I also think of my time between when I was a volunteer, when I got paid about $180/week and now and, if I am to be honest, the pressures and the degree of demands have not changed much. I am convinced that if a church can, it should pay its pastoral staff a full time wage because the demands on them far surpass the demands of a regular full-time laborer and the church ought to provide for them so that they can serve the church well. I will strive to provide well for any staff member serving under me because the demand on them will be great. I know that some of the pastors I have served under have been unaware of the amount of work I’ve done, just as I was unaware of the amount of work they were doing. It is not that we did not care to notice, but were focused on our own tasks. I never want to assume that a position is not worth the church failing to be generous in its compensation of that individual; especially for the support staff (for they are often overworked and under-recognized), and especially if we have hired someone that can be trusted with the tasks and responsibilities he/she has. If they are not trustworthy enough to be paid a good wage, why would we hire them at all?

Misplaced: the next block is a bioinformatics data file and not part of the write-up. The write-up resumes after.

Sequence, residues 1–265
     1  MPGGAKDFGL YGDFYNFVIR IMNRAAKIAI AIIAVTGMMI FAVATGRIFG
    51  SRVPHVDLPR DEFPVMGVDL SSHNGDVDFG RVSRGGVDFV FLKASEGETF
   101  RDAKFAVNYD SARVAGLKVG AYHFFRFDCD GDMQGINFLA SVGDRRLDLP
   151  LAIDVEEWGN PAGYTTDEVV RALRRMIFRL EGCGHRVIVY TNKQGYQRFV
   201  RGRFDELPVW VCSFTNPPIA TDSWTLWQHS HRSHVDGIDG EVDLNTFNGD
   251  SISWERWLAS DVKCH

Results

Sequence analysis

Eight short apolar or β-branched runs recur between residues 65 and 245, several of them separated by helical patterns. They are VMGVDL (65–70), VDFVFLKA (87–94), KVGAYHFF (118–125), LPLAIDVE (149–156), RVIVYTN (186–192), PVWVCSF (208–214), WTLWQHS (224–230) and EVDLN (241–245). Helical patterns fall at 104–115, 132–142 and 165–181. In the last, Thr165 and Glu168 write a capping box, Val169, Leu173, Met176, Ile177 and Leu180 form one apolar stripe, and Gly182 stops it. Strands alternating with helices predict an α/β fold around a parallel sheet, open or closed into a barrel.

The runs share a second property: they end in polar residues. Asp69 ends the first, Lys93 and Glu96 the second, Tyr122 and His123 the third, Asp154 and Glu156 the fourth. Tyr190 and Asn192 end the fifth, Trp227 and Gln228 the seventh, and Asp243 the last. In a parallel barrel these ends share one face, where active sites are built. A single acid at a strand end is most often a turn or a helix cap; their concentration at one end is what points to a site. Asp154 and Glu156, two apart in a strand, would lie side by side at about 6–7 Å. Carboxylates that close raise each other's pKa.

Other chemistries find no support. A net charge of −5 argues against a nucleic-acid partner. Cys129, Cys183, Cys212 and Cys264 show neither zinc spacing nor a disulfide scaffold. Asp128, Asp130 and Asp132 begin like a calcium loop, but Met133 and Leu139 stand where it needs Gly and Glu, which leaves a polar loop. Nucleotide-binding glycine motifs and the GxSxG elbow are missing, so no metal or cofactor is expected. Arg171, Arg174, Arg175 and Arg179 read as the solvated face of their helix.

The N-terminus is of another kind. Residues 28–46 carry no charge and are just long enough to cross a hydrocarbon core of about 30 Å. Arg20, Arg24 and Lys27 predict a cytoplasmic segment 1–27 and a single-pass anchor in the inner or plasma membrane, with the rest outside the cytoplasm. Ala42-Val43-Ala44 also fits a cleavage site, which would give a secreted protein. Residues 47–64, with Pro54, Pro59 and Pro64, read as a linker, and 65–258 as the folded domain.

There is much more, but these are some of the most important lessons I’ve learned and I don’t want this to be too long. I love the students I have at Gorman and they will always be family to me. At the same time, I am excited about what God is going to do at Eastside Baptist Church in Sallisaw, OK. I am a young man; but so was David, Joseph, and Timothy. They were not perfect, but God used them all to shake the world for His glory. Thus I arrive at my final statement: God does not depend on me to accomplish His work, so I should depend on Him and conform all of my work to His. Thank you all for your continued prayer.